Baltimore Ravens linebacker Brendon Ayanbadejo hopes to use the media attention surrounding his team’s appearance in the Super Bowl to further highlight his support of marriage rights for same-sex couples.
New York Times columnist Frank Bruni reported on Jan. 22 that Ayanbadejo sent an e-mail to same-sex marriage advocates Brian Ellner and Michael Skolnik hours after the Ravens clinched the AFC Championship by defeating the New England Patriots. Bruni said the linebacker asked them whether there is “anything I can do for marriage equality or anti-bullying over the next couple of weeks to harness this Super Bowl media?”
Ayanbadejo described his message to Ellner and Skolnik during a follow-up interview with Bruni as his “Jerry Maguire e-mail.” He said his “ultimate goal” after the Super Bowl that will take place in New Orleans on Feb. 5 was to “get our message out there,” including an appearance on comedian Ellen DeGeneres’ talk show.
Ayanbadejo, who has backed marriage rights for same-sex couples for several years, in late 2011 emerged as one of Maryland’s most high-profile supporters of the issue after he appeared in a Marylanders for Marriage Equality web video.
He headlined subsequent fundraisers with Gov. Martin O’Malley and others in support of the campaign that backed the same-sex marriage law the governor signed last March. Ayanbadejo also joined O’Malley, Baltimore Mayor Stephanie Rawlings-Blake and Maryland Congressman Elijah Cummings at a polling place in Charm City hours before a referendum on the statute passed by a 52-48 percent margin on Election Day.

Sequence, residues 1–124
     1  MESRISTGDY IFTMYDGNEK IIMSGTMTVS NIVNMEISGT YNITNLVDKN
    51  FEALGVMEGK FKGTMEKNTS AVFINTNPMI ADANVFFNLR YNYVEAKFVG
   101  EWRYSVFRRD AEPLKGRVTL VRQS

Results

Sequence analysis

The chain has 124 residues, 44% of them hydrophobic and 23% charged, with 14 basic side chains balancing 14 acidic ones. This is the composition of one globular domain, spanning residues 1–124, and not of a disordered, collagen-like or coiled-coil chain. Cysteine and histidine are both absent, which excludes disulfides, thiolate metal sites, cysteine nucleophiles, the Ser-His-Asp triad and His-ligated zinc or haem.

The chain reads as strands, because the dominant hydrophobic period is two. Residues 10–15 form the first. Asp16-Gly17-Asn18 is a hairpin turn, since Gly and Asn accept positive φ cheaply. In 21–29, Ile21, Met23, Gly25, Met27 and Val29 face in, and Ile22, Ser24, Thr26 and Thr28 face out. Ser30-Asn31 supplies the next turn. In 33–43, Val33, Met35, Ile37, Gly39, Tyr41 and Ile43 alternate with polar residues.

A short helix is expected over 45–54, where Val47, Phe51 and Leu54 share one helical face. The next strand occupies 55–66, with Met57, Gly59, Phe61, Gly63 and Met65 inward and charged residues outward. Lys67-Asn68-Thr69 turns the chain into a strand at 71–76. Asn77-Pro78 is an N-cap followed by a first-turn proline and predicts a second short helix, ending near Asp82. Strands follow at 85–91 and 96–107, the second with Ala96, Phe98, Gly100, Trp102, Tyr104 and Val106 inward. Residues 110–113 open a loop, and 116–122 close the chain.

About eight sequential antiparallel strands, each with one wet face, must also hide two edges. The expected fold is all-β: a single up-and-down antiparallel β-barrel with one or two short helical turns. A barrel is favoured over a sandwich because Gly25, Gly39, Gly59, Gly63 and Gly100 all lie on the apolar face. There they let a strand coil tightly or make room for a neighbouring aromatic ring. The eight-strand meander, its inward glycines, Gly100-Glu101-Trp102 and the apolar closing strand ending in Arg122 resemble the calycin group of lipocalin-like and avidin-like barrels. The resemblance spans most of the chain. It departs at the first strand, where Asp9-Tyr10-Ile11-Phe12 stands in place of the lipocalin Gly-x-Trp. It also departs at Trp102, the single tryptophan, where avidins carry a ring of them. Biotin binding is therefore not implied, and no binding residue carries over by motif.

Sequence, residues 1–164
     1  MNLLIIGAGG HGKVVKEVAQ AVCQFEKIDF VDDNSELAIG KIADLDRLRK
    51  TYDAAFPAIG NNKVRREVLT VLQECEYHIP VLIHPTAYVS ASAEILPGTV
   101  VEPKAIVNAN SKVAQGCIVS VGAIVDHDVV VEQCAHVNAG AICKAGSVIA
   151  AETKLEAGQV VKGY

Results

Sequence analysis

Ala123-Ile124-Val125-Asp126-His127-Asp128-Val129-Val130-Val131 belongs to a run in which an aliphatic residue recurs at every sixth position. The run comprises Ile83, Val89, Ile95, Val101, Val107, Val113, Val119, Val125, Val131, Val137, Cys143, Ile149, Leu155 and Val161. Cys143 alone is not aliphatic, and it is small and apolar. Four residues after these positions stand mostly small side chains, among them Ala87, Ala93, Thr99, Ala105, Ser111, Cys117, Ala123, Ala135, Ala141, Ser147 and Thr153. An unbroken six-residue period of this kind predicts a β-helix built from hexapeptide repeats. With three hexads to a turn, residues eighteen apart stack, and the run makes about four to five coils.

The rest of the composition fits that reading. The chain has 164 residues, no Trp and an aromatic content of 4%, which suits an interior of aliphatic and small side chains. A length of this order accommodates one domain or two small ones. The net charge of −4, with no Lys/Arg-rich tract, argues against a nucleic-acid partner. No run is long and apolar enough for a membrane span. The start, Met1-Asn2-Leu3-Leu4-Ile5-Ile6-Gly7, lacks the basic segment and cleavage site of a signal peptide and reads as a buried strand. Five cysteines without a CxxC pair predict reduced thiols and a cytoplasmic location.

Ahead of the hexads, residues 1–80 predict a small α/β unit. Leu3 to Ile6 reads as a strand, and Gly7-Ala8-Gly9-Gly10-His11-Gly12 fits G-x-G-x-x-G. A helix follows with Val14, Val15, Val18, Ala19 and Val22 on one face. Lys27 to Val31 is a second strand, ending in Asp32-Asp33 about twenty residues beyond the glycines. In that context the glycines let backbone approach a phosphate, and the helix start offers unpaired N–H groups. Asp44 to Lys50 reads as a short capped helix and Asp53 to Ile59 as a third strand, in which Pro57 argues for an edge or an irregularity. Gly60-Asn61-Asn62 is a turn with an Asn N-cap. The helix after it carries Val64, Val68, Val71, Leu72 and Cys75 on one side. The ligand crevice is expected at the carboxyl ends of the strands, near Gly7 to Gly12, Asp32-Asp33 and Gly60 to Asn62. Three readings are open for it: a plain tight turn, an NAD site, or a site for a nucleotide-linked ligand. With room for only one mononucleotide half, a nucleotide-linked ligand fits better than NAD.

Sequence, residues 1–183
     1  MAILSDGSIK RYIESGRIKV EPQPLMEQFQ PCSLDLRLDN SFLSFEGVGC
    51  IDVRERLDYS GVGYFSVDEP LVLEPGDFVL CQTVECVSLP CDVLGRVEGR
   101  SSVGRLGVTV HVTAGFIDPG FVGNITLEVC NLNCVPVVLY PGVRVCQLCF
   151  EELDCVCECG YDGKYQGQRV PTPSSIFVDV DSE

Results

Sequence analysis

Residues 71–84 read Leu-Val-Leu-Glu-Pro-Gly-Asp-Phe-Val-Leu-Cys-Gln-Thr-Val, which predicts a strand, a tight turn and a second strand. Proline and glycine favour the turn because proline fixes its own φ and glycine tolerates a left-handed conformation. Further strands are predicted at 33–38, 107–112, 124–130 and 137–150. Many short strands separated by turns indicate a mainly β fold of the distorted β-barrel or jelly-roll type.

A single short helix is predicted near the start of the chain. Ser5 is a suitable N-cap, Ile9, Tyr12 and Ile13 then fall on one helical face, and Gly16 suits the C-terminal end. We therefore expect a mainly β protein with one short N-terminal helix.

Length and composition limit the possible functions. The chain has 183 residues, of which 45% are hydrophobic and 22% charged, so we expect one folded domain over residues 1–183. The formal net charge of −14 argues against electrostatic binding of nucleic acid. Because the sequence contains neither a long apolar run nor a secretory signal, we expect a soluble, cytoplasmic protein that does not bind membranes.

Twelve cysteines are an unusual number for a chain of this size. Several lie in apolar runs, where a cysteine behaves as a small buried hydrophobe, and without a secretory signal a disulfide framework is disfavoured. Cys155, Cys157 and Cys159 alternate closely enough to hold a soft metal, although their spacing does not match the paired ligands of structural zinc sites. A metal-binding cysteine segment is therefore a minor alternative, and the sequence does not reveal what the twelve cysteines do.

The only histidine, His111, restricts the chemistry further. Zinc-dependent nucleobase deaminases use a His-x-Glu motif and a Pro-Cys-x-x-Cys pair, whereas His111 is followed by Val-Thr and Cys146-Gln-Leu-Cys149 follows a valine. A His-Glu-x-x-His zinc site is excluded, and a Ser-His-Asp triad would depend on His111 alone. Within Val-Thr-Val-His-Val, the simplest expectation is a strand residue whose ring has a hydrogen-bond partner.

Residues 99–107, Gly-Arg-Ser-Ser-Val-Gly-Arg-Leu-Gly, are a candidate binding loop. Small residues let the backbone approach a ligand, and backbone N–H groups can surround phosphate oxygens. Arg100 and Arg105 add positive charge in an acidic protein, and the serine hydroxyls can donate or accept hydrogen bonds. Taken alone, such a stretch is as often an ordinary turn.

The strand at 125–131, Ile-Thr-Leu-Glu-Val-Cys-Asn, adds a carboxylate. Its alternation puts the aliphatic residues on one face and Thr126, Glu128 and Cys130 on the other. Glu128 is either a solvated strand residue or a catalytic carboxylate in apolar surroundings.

The linebacker’s advocacy around the issue has also sparked controversy among those who oppose nuptials for gays and lesbians.
State Del. Emmett Burns (D-Baltimore County) told Ravens owner Steve Bisciotti in an Aug. 29 letter after Ayanbadejo donated two Ravens tickets as part of a Marylanders for Marriage Equality fundraiser that he “should concentrate on football and steer clear of dividing the fan base.” Chris Kluwe of the Minnesota Vikings subsequently defended Ayanbadejo in a series of profanity-laced tweets that blasted Burns.
“Brendon is permitted to express his viewpoints,” Ravens spokesperson Patrick Gleason told the Washington Blade in response to Ayanbadejo’s latest comments on the issue. “The Ravens have always supported his right to free speech.”
Gleason said Ayanbadejo was unavailable for an interview before the team traveled to New Orleans on Monday.
Ellner declined to provide the Blade a copy of the e-mail he received from the linebacker.
“He understands that as a straight biracial player in the Super Bowl he can have a huge impact on the future of this issue,” Ellner said. “He has courage because this comes from a deeply held sense of basic fairness. He’s part of a new generation of athlete ally. He’s creating a playbook for this.”